A few texts from me to the powers that be over there helped get it all sorted out, but the bigger problem is that she is still having trouble advocating for herself. I'm no longer there and I can't be as helpful as I used to be. Instead of dropping everything and going over there on a planning period, I told her who on campus to seek out to explain her situation and ask how this can be resolved in a way where she could graduate without having so many tardies and absences that it becomes impossible.
Of course I let all those people know in advance that she would be coming by and what her situation was, but she didn't know that and she did the heavy lifting herself. She's the one who took charge and created a more workable situation for herself. I'm proud of her. I'm excited that she still hasn't strayed from the college path she has created for herself. I get nervous sometimes, but I can't way to see her achieve her goals for her and her new child.
DISD Students that want to drop out
DISD Student Mothers
DISD Student Fathers
Taking DISD Home
When DISD Students break down
We’ve talked about attendance for credit in DISD schools last semester when the first batch came out. In theory is a good thing. If a kid is out because they are sick or injured, if their child is sick and they don’t have a sitter, or if there is an emergency, they shouldn’t be penalized just because they were out of the classroom. They are still responsible for learning, but if they can prove they have mastered the content, they should get the credit. The kids who skip and don’t know the material but still want credit, in my opinion, haven’t earned the opportunity to make it up. Why do they get it? Because schools want to look good and so they use this combined with the mandatory passing percentages at some Dallas ISD schools to make the overall picture of DISD positive.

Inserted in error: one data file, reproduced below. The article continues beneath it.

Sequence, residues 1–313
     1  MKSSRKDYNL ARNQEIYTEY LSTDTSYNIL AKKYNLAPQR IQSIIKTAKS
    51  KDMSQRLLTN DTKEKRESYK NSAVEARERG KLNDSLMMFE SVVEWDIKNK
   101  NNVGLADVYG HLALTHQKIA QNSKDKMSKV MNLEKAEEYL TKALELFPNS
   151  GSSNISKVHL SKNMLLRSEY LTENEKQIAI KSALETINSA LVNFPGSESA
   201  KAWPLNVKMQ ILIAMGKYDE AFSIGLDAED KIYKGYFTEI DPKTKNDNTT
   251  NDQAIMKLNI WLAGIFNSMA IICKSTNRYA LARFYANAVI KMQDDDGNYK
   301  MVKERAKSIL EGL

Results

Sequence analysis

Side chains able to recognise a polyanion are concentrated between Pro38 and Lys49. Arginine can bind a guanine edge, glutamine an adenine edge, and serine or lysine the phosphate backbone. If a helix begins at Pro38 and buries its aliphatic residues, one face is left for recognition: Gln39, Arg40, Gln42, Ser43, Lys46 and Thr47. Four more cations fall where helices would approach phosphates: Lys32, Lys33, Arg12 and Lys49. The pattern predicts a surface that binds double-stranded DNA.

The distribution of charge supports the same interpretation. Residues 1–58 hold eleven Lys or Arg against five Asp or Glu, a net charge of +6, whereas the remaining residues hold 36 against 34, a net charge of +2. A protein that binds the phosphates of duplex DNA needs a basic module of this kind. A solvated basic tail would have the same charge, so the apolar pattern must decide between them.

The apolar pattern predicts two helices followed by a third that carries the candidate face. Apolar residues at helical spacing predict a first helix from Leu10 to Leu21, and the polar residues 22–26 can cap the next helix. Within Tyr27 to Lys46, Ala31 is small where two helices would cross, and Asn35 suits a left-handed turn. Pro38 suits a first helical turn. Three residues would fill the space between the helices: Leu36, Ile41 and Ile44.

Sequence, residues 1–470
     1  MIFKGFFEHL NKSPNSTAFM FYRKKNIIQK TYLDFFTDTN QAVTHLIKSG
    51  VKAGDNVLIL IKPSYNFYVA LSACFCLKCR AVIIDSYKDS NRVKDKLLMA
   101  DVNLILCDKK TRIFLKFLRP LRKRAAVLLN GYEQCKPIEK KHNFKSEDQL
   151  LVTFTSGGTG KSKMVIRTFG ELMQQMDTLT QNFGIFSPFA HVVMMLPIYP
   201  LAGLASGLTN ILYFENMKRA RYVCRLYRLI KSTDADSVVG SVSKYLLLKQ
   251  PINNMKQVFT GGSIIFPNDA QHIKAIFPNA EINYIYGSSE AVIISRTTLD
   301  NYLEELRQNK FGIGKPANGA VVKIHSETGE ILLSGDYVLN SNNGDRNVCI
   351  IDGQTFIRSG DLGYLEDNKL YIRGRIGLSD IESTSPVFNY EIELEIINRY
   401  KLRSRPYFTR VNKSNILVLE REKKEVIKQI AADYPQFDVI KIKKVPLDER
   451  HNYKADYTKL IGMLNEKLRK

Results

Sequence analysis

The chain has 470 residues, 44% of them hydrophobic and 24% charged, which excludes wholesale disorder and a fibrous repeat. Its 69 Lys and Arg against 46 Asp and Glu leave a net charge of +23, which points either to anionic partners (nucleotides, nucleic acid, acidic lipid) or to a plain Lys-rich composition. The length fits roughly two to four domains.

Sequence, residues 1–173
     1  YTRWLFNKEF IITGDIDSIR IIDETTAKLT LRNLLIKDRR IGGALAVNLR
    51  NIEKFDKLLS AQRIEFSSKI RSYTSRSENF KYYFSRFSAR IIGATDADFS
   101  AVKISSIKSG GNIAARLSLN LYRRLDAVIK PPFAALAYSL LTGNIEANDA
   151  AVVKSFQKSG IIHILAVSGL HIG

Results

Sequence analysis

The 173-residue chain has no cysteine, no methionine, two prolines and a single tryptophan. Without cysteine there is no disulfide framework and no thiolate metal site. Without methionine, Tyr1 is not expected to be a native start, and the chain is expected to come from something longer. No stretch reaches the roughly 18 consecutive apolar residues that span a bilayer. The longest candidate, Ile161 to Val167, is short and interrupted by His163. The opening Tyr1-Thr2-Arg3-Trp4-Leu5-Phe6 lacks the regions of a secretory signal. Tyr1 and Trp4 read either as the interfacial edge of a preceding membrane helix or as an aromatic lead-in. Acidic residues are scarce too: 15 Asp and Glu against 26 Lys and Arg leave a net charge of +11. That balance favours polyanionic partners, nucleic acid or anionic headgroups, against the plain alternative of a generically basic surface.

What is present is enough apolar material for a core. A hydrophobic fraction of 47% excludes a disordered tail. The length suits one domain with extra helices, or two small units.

Here’s an example. I just got 18 attendance for credit sheets. The rules are as follows:
1-8 days absent = 5 hours
9-15 days absent = 10 hours
16-19 days absent = 20 hours
20 days absent = 25 hours
21 and over = no credit without an approved appeal
Sounds reasonable right? Here’s my problem: all 18 are only required to serve 5 hours. Let me give you a little snapshot of some of these kids.
Student 1: 7 absences – 5 hours. No problems there.
Student 2: 15 absences –5 hours. A little high, but the kid had an emergency. I understand.
Student 3: 29 absences, 137 on the year – 5 hours. WHAT?!
Student 4: 24 absences, 311 on the year – 5 hours. DOUBLE WHAT!?!?
Student 5: 18 absences, 189 on the year – 5 hours. Getting the picture?
I’m not a data guy here, but how do we expect our kids to have accountability or do anything when we bend and break the rules to make ourselves look better? Maybe if it was with them in mind, the disregard of self-imposed policy would be forgivable, but it’s not even for their benefit. Really gets me down as a teacher.
All this talk about alternative graduation requirements has me thinking day and night about our requirements for students. The past two days we've written blogs about DISD students and Dallas graduation requirements. The article that sparked it all was this DMN article about letting kids sidestep the STAAR tests and graduate anyway. We'll be talking about this idea on our weekly Dallas education podcast to come out on Monday, but what has me really in thought this morning? The wrong and mixed signals we are sending our kids.